In today’s Gospel, Jesus encounters a man at the synagogue whose hand was “shriveled up.” The Pharisees were watching Jesus to see if he would heal him on the sabbath, hoping to catch him in an act where they could accuse him. Jesus calls the man forward and says to the Pharisees: “Is it permitted to do a good deed on the sabbath--or an evil one? To preserve life--or to destroy it?” At this they remained silent. He looked around at them angrily, for he was deeply grieved that they had closed their minds against him.” Then Jesus heals the man and the Pharisees go off to plot how to kill him.
Look at Jesus’ heart. He sees the man in need and he knows the intent of the Pharisees. He addresses what lies at the heart of the encounter: a choice between life and death. In their silence, the Pharisees choose death, that is, a rejection of Jesus, of the life that is at hand in the truth of the Father’s love. And Jesus feels grief. Here we see the heart of God aching and yearning for those who close their minds and hearts to him.
The whole-hearted feeling of grief unlocks a powerful source of life, energy and love in our hearts and so often we run from grief. We can become frightened by the feelings here and of what this grief means for us. Our culture tells us too that we need to move on, to pursue success and to “be strong.” We can deny the human experience of grieving, truncating it in the death of loved ones and denying it in daily life. What do I mean?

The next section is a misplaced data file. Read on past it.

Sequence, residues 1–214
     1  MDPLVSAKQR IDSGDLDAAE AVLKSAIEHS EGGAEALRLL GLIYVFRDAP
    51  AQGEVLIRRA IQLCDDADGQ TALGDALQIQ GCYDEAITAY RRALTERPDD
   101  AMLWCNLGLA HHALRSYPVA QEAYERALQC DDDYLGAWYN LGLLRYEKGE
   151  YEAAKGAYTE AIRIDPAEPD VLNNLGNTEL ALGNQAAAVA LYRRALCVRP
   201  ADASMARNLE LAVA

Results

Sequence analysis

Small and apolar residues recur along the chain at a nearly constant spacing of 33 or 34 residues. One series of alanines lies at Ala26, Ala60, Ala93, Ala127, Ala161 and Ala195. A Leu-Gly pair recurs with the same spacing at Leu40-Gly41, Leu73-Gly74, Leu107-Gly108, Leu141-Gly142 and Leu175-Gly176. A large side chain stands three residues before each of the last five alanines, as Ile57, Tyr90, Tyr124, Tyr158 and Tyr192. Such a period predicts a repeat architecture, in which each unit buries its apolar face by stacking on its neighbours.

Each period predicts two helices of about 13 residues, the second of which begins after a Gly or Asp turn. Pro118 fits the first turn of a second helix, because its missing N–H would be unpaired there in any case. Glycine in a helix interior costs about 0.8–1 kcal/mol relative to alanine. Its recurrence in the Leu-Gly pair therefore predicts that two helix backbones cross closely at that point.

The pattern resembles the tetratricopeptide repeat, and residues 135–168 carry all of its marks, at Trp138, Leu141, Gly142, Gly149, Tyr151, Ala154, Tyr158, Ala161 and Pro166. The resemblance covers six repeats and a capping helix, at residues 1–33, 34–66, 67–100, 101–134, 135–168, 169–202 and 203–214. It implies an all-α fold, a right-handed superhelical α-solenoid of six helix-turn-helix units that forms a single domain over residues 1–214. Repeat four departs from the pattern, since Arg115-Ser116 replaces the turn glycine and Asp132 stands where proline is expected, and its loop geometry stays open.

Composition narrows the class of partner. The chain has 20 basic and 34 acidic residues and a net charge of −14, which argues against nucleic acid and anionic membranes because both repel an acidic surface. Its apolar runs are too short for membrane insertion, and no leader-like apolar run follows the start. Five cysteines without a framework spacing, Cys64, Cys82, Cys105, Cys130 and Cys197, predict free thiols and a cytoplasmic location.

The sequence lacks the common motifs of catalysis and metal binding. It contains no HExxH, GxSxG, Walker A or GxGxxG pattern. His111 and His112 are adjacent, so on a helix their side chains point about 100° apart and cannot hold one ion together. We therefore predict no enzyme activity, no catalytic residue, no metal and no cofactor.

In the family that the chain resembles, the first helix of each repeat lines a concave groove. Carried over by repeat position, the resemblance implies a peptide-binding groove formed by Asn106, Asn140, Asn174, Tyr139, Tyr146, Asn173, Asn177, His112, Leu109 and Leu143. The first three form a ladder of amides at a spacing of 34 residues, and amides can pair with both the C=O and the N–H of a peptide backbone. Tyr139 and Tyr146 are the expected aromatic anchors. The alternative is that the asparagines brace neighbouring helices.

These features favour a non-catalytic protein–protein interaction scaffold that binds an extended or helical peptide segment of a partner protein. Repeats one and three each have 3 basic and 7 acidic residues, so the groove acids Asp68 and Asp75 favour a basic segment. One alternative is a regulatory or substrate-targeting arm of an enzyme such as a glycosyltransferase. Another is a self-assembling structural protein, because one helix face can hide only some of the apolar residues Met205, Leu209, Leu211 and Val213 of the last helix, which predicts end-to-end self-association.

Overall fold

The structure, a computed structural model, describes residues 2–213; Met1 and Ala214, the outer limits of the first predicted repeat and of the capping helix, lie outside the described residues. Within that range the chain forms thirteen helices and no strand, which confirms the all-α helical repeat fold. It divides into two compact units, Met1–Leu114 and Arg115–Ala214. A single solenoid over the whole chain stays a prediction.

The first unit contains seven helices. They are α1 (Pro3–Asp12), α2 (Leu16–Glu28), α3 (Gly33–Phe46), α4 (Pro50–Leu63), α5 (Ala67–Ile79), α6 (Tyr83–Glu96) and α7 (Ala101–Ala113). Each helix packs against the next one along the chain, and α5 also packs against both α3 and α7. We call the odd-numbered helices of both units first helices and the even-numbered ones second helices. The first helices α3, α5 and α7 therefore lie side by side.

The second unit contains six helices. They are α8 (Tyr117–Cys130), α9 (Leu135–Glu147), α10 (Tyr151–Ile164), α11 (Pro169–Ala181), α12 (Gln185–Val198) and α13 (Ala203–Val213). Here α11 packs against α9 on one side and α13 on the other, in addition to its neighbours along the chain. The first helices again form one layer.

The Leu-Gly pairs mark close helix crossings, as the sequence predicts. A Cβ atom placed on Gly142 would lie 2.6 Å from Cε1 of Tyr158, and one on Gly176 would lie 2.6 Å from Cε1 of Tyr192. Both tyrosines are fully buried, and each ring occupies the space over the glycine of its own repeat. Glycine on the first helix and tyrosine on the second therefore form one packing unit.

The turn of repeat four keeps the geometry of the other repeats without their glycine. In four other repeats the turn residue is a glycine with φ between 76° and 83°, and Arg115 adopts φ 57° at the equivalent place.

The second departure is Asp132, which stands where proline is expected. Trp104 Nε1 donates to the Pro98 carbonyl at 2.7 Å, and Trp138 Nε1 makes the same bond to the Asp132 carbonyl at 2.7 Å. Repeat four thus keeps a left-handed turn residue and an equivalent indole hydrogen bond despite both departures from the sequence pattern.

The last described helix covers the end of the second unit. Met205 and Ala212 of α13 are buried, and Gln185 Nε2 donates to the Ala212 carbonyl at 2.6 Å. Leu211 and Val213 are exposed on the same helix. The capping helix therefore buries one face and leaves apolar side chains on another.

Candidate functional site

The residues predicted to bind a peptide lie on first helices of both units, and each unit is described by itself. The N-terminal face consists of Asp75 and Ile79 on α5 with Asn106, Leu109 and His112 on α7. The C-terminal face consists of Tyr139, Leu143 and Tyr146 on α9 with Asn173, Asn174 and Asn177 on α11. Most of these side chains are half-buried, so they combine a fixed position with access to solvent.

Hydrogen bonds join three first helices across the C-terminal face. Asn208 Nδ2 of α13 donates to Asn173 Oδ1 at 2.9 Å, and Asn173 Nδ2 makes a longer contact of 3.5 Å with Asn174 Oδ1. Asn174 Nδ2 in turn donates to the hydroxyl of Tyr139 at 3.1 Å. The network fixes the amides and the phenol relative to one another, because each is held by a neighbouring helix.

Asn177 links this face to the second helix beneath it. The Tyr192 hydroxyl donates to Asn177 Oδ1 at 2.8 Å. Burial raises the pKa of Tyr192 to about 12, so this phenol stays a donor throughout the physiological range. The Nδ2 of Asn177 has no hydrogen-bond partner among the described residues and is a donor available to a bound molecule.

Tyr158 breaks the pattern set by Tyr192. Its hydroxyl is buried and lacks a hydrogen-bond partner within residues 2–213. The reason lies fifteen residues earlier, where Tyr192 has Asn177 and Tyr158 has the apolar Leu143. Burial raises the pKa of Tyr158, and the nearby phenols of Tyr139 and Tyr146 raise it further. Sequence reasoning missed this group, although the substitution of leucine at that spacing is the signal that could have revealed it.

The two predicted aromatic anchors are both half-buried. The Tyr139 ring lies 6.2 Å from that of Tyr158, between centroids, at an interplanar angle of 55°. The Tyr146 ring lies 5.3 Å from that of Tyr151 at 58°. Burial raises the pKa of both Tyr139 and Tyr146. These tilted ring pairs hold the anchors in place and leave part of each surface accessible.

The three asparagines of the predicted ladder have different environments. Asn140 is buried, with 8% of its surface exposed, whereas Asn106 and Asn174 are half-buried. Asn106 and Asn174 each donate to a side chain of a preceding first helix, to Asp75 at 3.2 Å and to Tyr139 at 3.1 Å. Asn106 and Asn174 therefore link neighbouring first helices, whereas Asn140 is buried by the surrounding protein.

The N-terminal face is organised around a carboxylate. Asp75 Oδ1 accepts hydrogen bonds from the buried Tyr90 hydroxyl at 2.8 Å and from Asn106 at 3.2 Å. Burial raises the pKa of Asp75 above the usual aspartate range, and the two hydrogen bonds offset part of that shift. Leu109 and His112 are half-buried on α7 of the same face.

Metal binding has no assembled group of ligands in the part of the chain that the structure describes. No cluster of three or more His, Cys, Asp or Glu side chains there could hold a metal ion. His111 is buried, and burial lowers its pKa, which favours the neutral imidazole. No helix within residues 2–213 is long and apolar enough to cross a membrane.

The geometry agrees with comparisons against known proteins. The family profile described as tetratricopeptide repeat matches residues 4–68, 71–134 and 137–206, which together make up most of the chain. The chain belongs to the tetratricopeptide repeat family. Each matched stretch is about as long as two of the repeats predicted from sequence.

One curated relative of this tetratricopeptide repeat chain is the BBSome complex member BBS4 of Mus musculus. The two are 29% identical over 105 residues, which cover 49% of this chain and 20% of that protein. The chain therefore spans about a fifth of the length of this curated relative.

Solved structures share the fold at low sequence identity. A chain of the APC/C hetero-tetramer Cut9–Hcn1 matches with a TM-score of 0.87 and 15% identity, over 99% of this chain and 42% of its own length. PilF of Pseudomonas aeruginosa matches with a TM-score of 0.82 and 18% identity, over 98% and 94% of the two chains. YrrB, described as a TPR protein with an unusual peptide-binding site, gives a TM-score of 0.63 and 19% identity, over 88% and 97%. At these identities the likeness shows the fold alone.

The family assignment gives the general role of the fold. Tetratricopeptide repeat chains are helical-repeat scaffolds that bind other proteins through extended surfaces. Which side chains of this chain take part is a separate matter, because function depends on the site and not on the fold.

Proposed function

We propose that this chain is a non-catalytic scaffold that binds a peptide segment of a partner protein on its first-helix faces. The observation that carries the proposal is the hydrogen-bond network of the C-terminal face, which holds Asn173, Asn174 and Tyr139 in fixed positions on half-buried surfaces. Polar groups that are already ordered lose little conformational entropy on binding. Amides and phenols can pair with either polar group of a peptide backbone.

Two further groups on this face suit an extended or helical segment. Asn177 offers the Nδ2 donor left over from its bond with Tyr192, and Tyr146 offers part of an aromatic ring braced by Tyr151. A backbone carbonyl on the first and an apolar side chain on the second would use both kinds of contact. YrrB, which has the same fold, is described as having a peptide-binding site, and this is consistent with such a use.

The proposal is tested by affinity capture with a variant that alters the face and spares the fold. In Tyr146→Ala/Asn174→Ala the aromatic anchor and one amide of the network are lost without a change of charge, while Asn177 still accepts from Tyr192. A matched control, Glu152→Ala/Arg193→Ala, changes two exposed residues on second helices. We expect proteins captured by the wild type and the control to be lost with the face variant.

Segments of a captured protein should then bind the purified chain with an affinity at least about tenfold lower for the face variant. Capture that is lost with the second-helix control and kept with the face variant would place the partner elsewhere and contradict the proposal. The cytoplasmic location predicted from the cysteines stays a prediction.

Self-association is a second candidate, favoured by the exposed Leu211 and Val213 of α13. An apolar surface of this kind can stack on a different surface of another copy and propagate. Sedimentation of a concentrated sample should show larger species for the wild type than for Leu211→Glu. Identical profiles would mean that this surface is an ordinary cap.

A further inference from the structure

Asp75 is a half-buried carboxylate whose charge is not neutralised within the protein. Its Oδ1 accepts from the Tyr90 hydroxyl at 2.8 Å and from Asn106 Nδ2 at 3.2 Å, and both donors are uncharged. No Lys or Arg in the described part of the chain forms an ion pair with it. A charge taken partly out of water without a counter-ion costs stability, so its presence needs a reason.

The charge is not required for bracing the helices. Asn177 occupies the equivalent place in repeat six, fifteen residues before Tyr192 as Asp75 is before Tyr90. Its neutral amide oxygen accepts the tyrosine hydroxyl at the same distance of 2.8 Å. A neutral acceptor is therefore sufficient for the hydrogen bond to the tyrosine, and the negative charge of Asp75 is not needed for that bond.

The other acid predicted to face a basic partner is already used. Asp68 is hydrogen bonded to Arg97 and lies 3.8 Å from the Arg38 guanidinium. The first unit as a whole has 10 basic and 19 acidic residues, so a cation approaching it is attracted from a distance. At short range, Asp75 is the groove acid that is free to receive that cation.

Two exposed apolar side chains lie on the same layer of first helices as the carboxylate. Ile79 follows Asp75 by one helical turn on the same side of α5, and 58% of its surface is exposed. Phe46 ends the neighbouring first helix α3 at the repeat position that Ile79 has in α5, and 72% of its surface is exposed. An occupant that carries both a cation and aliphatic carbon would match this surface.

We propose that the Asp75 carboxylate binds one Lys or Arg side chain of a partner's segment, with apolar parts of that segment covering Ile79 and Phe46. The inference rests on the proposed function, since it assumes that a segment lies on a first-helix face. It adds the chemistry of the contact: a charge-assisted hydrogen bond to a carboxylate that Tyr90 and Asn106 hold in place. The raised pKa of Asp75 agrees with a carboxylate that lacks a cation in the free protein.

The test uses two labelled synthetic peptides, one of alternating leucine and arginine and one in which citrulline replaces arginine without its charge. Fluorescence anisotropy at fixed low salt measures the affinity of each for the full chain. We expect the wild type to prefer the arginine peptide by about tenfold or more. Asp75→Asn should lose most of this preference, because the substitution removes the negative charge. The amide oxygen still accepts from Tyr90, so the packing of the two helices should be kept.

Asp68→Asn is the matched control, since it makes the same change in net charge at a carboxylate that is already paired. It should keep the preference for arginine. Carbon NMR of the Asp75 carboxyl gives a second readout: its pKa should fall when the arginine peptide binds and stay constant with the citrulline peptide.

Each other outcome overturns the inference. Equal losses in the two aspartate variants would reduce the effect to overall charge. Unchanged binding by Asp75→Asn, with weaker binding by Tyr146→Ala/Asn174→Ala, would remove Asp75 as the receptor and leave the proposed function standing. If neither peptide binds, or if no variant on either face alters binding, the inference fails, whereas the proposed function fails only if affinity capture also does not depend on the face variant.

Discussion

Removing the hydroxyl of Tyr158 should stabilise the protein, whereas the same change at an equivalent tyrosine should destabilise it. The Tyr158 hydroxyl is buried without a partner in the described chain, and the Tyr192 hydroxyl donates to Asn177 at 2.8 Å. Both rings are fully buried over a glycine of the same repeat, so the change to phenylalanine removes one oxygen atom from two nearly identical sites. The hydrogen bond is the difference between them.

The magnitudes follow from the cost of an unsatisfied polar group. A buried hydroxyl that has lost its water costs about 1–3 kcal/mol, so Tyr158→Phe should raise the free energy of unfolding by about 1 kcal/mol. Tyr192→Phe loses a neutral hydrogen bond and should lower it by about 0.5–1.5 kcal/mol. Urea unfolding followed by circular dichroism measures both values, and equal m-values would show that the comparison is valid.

When I mention grief, what do you and I recall? When we think of grief we might recall the death of someone we love, or the death of a relationship, or maybe even the loss of a job. However, there are also so many other events and circumstances where we grieve each day: grief for someone in our family who suffers with physical or mental illness, grief for someone who has become estranged from us, grief when a close friend moves away, grief when we have hurt someone we love, grief in the midst of financial struggles, grief when we see violence, injustice, or hatred, grief when someone we love walks away from a faith that once sustained them. These and many other events happen daily and yet we often fail to acknowledge them and to bring them to God in prayer.
Jesus knows our grief—in both those events in life that are major and in those events that are small. Notice how easily the Gospel writer can state that Jesus was angry because he felt grief at the rejection of the Pharisees. Jesus understands our grief: he empathizes and is eager to offer us comfort in our daily sorrows and losses.
In coming to understand the principles of spiritual discernment, St. Ignatius Loyola refers to Satan as “the enemy of human nature.” This powerful phrase points to a very subtle temptation to deny that which we find painful. Often we think the pain will just go away. Even more dangerously, we can think that being Christian means that we need to be “strong”. We often deny our humanity by ignoring what “grieves” our hearts.
So, I invite you and I to come to prayer and to the altar with what lies heavy in our hearts this day to let Jesus assure us, comfort us and strengthen us. Underneath the grief lies deep love: the love of God for us and the love in our hearts for others. Perhaps we can let ourselves be comforted by the words of this familiar hymn:
I heard the voice of Jesus say, “Come unto me and rest.
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